The reference was to his ability to wage chemical warfare and the possibility of his acquiring nuclear weapons in the near future.

Levy said he also was convinced that the United States remains steadfastly opposed to any linkage between the Kuwait issue and the dispute over Israel’s retention of the territories it captured in 1967.


He may have been referring to Quayle’s statement Saturday on the Cable News Network that while Baker would be willing “to discuss all aspects of the Gulf crisis” on his visit to Baghdad, “Palestine is not an issue on the table.”

“There is no linkage,” Quayle emphasized.

In that connection, however, Davar columnist Amir Oren focused Sunday on the proximity of Shamir’s upcoming private meeting with Bush to the projected U.S.-Iraqi dialogue in Washington, Baghdad or both places.

Bush said he would be willing to send Baker to meet with Hussein “at a mutually convenient time” between Dec. 15 and Jan. He invited the Iraqi foreign minister to meet him in Washington during the latter part of the week of Dec. 10.

Bush is scheduled to meet with Shamir at the White House on Dec. 11.

This very coincidence will strengthen the impression that Israel wants most to avoid: that there is linkage between the Persian Gulf crisis and the Israeli-Palestinian dispute, Oren wrote in the Labor Party-affiliated daily.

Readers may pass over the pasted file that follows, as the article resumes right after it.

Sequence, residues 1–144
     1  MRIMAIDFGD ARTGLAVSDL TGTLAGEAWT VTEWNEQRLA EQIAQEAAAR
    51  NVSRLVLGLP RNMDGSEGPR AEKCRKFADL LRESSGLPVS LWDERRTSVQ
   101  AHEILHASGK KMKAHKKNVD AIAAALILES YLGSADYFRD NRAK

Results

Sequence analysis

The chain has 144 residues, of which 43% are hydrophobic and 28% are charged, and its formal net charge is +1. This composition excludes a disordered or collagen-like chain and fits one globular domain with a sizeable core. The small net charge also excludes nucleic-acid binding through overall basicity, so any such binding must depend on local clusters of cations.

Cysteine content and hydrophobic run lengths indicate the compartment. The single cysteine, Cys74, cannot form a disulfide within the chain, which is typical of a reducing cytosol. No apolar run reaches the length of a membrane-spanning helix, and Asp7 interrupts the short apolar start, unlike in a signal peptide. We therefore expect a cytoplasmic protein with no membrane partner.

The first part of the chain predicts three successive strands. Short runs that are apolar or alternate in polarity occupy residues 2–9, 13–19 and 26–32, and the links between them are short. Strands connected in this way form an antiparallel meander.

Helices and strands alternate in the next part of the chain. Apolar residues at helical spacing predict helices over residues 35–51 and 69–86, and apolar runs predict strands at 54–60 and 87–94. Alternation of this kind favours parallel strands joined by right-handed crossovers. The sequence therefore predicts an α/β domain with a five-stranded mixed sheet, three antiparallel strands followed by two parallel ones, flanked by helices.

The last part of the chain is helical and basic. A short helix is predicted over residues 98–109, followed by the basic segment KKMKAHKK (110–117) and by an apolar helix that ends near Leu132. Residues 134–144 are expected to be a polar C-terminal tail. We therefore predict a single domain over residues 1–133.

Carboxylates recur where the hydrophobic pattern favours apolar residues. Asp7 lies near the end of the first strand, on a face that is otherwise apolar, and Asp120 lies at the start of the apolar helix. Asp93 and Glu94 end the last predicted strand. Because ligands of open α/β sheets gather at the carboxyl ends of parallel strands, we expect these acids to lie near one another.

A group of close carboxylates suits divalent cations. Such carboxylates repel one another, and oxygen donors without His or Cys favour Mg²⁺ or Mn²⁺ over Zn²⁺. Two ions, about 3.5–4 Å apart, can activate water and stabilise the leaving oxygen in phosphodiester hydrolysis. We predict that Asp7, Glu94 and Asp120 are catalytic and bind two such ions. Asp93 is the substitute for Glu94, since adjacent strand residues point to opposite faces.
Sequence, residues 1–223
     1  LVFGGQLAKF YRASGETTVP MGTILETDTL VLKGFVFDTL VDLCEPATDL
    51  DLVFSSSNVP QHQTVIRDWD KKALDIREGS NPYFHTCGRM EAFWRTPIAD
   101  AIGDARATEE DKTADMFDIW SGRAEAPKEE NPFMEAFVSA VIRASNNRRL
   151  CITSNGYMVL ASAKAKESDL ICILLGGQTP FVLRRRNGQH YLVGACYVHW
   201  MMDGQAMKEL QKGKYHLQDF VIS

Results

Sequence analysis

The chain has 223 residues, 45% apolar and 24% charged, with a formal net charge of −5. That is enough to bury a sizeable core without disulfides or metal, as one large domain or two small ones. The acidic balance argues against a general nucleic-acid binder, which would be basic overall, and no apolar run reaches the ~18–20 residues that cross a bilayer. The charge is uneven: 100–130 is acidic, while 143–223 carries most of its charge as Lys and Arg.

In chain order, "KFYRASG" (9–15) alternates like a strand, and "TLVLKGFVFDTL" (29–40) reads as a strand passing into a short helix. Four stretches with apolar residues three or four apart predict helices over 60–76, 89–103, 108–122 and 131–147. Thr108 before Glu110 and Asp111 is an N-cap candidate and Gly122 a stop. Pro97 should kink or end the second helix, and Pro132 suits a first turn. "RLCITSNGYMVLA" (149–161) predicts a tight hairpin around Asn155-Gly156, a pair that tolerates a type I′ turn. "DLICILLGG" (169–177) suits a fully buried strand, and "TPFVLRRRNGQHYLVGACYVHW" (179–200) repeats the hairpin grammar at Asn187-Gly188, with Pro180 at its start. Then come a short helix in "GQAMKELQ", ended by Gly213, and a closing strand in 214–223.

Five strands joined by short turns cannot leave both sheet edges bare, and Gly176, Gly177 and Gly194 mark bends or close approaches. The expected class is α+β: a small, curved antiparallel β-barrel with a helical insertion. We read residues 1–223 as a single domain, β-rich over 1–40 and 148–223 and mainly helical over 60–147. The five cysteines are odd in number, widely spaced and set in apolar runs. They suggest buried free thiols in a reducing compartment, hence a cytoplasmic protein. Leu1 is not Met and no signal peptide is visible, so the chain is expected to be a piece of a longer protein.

Dan Margalit, a leading political columnist in Ha’aretz, argued that Bush made his gesture toward Baghdad to win over sections of U.S. domestic opinion not reconciled to the use of force against Iraq.

He concluded that while Bush and Baker have not abandoned their declared goal of forcing Iraq out of Kuwait, the offer to negotiate implies that they are forgoing the more far-reaching goal of ridding the region of Hussein and his huge army with its dangerous military potential.

Margalit reflected a mounting fear in Israel that time is running out for a hard-line stance against Iraq.


The Agudah Yisrael party newspaper Hamodia said Bush’s decision is “very worrying for Israel, because from Israel’s viewpoint, the best solution would be the elimination of Iraq’s aggressive power, so that it cannot in the future be a threat to Israel.”

The Agudah joined Shamir’s Likud-led coalition on Nov. 18 and its newspaper could be said now to reflect government views.

Bush’s move seems to have been driven by both diplomatic and domestic political needs.

He said at his news conference that he was “going the extra step” for peace to “de-isolate” Hussein and make sure he had received the message that nothing short of total withdrawal from Kuwait would prevent war.

But the move also was needed to quell concern in the United States that the president was rushing headlong into war. The initiative, moreover, was intended to solidify the coalition against Iraq by addressing complaints that insufficient emphasis was being placed on the possibilities for peace.